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# An Ink Ring In A Glass Of Water

### Transcript

Make an ink ring in a glass of water, in this Moment of Science.

You need a tall glass of water—the taller the better—a bottle of ink, and an eyedropper.

After you fill the glass with water, put it on a steady table and leave it alone for a few minutes, to allow all the turbulence in the water to settle down.  Now take some ink in the eyedropper and release one drop from a height of one inch above the center of the water.

The ink will form an expanding ring, descending through the water like a smoke ring traveling through the air.

The ring keeps its shape because of the way water moves in it.  You can get the idea by thinking of a rubber O-ring, maybe something like the rubber rings that are used as drive belts in upright vacuum cleaners. You can twist one of those rings inside out without changing its overall circular shape. What's happening with the water is something like that. The ink ring that you see is actually turning itself inside out as it travels to the bottom of the glass.  The turning motion was started by the ink drop falling into the water.

The ring stays sharp and clear as it descends.  That shows that water and ink in the ring don't mix very much with the rest of the water in the glass—at least not at first.  There is some friction between the water in the ring and the surrounding water, and after traveling a long way, the ring will start to get fuzzy around the edges.  But within the dimensions of a drinking glass, the ink ring will stay amazingly sharp and clear all the way to the bottom.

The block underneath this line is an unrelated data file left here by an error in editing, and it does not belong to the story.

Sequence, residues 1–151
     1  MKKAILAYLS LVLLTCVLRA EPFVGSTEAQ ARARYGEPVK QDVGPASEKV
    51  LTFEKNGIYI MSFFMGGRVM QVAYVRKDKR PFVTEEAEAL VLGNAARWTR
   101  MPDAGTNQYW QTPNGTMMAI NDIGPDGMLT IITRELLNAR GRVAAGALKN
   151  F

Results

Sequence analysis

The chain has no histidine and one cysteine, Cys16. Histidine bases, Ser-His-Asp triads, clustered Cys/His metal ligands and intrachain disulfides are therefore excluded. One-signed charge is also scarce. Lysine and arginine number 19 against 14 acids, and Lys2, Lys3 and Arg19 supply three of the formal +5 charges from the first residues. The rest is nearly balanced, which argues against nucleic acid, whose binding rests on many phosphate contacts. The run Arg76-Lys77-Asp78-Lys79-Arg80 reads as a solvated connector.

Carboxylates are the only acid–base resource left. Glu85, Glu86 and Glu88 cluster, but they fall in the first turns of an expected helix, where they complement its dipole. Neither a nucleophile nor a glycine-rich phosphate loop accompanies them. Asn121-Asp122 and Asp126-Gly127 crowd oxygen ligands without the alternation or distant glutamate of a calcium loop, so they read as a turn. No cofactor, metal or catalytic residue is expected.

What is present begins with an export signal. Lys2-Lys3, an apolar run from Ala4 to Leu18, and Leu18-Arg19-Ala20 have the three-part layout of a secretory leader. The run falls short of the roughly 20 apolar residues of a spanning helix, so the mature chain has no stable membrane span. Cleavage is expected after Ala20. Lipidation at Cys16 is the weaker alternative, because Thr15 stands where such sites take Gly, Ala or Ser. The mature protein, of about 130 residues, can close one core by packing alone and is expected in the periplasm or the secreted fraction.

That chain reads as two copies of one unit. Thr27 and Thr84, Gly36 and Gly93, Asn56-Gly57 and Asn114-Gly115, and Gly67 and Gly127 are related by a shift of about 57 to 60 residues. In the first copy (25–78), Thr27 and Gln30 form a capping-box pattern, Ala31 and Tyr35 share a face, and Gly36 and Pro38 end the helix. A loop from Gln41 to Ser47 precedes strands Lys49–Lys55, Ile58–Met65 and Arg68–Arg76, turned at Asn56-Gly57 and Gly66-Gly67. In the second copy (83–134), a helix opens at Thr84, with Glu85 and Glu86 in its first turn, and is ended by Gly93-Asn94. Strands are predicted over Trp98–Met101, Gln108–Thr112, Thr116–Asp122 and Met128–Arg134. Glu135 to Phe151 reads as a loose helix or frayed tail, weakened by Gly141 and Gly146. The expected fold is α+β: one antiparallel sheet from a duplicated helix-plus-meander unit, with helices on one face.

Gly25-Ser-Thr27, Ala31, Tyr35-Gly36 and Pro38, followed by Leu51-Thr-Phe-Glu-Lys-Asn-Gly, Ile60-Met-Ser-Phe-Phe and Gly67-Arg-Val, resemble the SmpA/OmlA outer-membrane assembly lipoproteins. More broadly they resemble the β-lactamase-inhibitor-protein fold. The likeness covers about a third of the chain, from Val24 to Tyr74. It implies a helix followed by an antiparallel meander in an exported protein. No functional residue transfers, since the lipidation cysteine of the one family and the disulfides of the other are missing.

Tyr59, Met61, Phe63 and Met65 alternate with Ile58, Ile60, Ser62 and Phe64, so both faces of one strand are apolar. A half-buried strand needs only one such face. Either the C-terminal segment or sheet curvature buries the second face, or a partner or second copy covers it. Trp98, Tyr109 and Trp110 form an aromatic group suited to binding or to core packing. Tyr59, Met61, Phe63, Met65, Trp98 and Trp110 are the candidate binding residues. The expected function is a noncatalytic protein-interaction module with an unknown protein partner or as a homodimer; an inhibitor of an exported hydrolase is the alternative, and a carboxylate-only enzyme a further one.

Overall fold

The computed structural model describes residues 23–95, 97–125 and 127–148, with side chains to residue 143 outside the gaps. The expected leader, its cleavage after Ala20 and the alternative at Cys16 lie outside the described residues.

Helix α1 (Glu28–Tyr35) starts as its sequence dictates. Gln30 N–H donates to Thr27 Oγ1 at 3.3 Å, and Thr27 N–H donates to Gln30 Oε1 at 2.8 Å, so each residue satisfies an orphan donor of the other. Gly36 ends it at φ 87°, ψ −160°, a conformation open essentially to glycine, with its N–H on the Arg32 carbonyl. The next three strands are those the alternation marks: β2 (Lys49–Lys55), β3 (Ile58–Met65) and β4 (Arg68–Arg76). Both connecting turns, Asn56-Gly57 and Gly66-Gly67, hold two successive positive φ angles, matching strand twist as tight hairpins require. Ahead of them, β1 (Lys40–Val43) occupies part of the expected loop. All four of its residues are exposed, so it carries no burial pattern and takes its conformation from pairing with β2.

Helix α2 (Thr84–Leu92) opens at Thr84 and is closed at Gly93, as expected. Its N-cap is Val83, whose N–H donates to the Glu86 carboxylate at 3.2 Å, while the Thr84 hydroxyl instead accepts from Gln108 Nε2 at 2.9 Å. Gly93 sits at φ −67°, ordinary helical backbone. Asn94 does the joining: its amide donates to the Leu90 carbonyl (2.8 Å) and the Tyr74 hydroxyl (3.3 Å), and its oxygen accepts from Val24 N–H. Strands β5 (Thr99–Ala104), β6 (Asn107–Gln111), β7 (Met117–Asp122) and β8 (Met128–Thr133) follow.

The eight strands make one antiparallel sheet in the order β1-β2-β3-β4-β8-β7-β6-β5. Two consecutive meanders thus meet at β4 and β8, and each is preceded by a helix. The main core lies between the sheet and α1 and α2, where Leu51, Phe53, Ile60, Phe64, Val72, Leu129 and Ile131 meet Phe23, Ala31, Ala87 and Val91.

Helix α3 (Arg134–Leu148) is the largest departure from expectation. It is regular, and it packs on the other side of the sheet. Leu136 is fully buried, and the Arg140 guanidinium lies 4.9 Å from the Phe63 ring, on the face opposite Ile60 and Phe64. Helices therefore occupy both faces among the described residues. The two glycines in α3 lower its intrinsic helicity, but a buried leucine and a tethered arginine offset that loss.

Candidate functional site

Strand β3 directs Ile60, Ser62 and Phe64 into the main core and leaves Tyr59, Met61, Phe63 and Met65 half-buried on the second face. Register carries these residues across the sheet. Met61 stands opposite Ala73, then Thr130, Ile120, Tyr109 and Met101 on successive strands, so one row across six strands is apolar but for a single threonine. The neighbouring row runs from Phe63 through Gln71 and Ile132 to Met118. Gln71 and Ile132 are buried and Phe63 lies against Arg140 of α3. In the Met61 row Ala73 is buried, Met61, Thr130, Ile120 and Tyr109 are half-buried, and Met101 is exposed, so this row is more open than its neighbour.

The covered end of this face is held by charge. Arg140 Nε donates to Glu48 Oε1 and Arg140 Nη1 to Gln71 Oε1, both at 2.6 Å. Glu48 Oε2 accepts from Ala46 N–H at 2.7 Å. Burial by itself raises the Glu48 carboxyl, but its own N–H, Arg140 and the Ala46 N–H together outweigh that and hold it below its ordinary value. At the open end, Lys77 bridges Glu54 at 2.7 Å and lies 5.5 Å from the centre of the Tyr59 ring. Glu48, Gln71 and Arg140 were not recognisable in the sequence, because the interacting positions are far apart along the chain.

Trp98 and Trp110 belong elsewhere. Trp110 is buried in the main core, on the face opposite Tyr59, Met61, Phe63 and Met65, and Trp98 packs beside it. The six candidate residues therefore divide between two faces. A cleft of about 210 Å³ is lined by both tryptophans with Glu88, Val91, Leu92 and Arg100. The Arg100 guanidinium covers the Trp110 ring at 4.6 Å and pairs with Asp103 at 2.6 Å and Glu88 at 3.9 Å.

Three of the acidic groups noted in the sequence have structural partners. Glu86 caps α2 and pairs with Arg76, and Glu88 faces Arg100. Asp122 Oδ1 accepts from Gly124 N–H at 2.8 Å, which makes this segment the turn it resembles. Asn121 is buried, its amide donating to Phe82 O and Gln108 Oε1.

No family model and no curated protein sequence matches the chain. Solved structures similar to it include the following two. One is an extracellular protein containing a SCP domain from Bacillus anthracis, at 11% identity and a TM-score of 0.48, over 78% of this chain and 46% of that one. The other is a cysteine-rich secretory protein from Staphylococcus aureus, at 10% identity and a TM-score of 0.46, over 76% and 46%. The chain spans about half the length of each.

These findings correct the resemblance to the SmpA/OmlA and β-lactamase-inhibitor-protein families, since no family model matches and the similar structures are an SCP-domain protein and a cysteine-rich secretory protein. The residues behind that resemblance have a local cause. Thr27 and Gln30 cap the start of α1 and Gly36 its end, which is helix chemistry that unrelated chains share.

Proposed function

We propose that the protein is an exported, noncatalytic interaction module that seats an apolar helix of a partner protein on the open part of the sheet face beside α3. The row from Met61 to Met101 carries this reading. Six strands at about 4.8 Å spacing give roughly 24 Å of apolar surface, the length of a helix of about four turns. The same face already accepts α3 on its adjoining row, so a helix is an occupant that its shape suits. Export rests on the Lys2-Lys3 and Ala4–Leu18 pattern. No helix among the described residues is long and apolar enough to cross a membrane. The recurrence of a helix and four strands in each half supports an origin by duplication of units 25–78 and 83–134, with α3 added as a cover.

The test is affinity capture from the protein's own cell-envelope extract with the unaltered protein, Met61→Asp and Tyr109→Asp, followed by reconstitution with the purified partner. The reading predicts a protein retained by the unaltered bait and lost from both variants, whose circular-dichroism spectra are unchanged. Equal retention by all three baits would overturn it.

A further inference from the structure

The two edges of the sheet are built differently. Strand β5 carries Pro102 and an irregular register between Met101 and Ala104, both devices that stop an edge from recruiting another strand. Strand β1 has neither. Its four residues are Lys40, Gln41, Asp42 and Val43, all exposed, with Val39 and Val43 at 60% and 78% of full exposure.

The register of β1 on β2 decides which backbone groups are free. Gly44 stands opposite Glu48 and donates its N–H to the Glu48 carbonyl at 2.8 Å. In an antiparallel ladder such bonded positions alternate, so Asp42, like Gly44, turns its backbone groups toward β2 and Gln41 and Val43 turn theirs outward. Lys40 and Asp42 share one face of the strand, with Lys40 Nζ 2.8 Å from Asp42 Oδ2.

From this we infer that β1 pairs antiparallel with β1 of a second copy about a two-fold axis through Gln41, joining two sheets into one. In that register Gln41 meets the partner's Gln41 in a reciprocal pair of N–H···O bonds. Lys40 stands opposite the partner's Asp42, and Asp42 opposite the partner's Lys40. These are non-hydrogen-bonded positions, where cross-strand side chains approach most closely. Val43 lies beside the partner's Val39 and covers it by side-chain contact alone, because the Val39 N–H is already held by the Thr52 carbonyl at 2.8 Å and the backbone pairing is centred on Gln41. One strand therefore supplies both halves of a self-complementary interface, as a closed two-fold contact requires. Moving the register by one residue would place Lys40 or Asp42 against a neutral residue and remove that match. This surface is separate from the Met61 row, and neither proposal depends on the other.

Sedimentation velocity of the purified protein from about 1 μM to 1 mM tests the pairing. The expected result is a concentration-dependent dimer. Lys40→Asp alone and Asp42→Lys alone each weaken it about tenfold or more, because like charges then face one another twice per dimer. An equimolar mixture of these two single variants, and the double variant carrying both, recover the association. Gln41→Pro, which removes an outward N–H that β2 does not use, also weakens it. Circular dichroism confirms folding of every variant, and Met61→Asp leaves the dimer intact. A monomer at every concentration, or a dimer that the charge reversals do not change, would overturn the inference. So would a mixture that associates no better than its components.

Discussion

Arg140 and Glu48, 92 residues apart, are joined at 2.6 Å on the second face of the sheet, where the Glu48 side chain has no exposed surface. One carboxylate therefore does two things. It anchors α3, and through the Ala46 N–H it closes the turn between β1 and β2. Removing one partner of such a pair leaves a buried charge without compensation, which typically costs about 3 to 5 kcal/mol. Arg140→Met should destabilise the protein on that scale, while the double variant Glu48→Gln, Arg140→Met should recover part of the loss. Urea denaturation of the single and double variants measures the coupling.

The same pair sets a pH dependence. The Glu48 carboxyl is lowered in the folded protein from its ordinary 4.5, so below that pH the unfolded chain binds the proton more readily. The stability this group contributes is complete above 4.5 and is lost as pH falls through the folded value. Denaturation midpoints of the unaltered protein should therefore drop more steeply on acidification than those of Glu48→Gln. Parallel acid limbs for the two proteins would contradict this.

To do this experiment you need a tall glass of water—the taller the better—a bottle of ink, and an eyedropper. (S Nova, Wikimedia Commons)

Make an ink ring in a glass of water, in this Moment of Science. You need a tall glass of water, a bottle of ink, and an eyedropper.

After you fill the glass with water, put it on a steady table and leave it alone for a few minutes, to allow all the turbulence in the water to settle down. Now take some ink in the eyedropper and release one drop from a height of one inch above the center of the water.

The ink will form an expanding ring, descending through the water like a smoke ring traveling through the air.

The ring keeps its shape because of the way water moves in it. You can get the idea by thinking of a rubber O-ring, maybe something like the rubber rings that are used as drive belts in upright vacuum cleaners.

You can twist one of those rings inside out without changing its overall circular shape. What's happening with the water is something like that.

The ink ring that you see is actually turning itself inside out as it travels to the bottom of the glass. The turning motion was started by the ink drop falling into the water.

The ring stays sharp and claear as it descends. That shows that water and ink in the ring don't mix very much with the rest of the water in the glass . . . at least not at first.

There is some friction between the water in the ring and the surrounding water, and after traveling a long way, the ring will start to get fuzzy around the edges.

But within the dimensions of a drinking glass, the ink ring will stay amazingly sharp and clear all the way to the bottom.

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